During the recent DIY Trunk Show I caught up with three very different participants (the other interviews can be found here and here) and asked them a few questions. One such participant was Allyson Dykhuizen, a knitter who strives to make her craft both accessible and social through the Sweatshop of Love.
How did you first get involved with knitting?
I had a teacher in high school who knit and loved knitting, and my friends and I thought it was really cool, so we got lessons after school, like an after school class.
So, then what brought you to start Sweatshop of Love?
I was graduating from college and I didn’t have anything to do, so I started teaching [knitting classes] and now I pretty much solely support myself on the sweatshop.
It’s just me, so whatever I can do, whatever time I can devote – I love it so, it’s easy to keep making stuff.
So where are you located? Where do you teach classes?
I teach classes mainly in Logan Square. But sometimes people hire me to teach classes in other places around Chicago.
How did you get involved with the DIY Trunk Show?
This is my first time I’ve been here. It’s kind of hard to get in, especially if you’re lumped into “knit wear”, as there a lot of people doing knit wear and similar things. But I’ve been coming to every single one since I’ve been in Chicago and I used it as part of a yarn crawl last year. We shopped and then went to a bunch of yarn shops in the area. It was a fun event.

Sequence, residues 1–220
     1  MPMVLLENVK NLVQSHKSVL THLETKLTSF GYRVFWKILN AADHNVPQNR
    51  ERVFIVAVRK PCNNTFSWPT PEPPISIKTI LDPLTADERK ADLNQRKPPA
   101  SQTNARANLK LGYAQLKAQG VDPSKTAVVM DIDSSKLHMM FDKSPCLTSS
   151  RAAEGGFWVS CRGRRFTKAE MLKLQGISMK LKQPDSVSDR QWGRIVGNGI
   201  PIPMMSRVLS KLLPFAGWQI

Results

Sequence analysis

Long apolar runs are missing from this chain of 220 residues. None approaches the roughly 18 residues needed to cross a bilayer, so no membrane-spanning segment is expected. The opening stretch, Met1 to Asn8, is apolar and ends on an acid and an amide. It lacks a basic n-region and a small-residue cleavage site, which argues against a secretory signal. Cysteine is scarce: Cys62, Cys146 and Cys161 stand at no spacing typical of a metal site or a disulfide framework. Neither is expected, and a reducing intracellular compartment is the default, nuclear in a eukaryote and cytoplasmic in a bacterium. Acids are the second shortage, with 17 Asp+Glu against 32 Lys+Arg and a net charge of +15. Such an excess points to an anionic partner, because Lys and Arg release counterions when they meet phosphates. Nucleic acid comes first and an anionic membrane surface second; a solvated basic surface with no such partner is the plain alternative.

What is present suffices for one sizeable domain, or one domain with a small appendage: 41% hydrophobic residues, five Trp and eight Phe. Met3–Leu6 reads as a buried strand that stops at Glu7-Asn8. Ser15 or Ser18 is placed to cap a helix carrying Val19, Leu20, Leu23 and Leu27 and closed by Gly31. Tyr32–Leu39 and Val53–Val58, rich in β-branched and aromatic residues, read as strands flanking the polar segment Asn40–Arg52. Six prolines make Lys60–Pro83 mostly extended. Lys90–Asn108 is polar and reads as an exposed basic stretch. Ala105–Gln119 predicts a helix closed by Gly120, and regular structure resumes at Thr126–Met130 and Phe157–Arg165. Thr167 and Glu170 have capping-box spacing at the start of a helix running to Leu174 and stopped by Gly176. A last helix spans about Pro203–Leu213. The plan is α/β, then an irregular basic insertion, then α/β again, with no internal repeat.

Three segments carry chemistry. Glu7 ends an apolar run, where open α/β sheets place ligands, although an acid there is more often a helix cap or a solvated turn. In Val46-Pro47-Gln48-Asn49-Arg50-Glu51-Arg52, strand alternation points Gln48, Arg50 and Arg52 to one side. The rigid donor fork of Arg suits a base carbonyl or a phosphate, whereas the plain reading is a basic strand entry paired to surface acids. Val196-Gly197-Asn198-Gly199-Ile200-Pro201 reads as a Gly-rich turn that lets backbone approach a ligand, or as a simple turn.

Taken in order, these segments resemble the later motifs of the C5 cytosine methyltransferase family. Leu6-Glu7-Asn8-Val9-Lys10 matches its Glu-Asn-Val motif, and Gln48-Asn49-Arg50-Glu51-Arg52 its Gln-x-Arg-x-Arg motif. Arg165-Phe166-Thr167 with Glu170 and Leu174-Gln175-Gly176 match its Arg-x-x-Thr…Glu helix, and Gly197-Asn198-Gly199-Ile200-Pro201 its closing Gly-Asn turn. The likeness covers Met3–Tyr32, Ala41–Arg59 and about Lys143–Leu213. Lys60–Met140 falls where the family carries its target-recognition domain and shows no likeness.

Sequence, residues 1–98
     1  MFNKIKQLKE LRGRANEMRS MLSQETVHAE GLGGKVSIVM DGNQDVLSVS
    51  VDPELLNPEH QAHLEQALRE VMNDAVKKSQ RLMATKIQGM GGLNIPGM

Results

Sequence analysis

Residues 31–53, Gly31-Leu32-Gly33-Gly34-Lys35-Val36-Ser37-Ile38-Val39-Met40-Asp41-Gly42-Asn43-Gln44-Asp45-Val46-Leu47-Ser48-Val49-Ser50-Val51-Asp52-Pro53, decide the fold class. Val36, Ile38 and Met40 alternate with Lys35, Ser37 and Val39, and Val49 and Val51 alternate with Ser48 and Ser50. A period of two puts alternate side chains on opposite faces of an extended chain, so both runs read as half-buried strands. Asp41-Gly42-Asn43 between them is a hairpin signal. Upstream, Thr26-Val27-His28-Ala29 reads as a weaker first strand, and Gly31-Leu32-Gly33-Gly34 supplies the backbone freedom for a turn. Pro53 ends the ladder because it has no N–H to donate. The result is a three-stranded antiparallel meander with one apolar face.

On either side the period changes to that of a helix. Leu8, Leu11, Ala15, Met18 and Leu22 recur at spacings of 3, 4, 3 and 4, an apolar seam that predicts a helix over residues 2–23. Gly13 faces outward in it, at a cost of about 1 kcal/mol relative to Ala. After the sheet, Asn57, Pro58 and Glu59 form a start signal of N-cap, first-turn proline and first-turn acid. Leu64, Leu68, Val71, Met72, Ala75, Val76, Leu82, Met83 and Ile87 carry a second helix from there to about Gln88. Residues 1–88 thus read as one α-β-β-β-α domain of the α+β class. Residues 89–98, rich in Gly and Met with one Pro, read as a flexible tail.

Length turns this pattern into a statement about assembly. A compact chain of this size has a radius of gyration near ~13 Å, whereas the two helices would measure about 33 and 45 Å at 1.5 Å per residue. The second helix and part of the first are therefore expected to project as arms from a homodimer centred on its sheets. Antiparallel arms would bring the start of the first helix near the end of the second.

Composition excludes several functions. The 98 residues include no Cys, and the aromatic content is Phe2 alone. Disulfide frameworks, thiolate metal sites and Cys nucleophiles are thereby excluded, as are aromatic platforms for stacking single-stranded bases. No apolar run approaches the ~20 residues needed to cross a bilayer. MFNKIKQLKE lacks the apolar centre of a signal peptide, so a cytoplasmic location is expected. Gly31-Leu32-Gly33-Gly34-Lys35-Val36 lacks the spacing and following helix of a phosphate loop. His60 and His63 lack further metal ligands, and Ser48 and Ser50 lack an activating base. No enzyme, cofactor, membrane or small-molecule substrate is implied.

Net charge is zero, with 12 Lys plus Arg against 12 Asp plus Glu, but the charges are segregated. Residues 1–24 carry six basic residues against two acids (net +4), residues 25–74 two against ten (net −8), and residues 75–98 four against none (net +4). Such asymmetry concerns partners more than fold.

Do you participate in the Renegade Craft Fair as well?
I did do Renegade this year, for the first time too.
Is that even harder to get in?
Renegade only takes about thirty percent of people that apply and this takes about fifty. So, Renegade’s bigger and people come from all over.
Do you do any other shows besides these two?
I haven’t. I just got into making the kits this year. I’ve been pretty teaching-based before. Now that I’ve gotten into pattern writing and started putting together the knitting kits, I have more of a product to sell than before. So, that’s why I’ve been doing the craft show circuit.
What inspired you to start making the kits?
I got more into pattern writing. And it made sense for me to start selling them and putting together kits because alot of my students have a hard time…[coming up with] what materials…[they] need to make a project. So, that’s why I thought, “Oh, well I’ll put everything together – make it easy.”
Finally, if you could change one thing about the Chicago craft scene what would it be?
I don’t think I would change anything about the Chicago craft scene. It’s really varied, accepting, inclusive, fun, fresh, and interesting. There are things I would change about the knitting scene in Chicago, but the craft scene is doing just fine.
Allyson hosts various group knitting and crocheting sessions, workshops, and a knitting book club every month. Dates and locations can be found through the Sweatshop of Love website.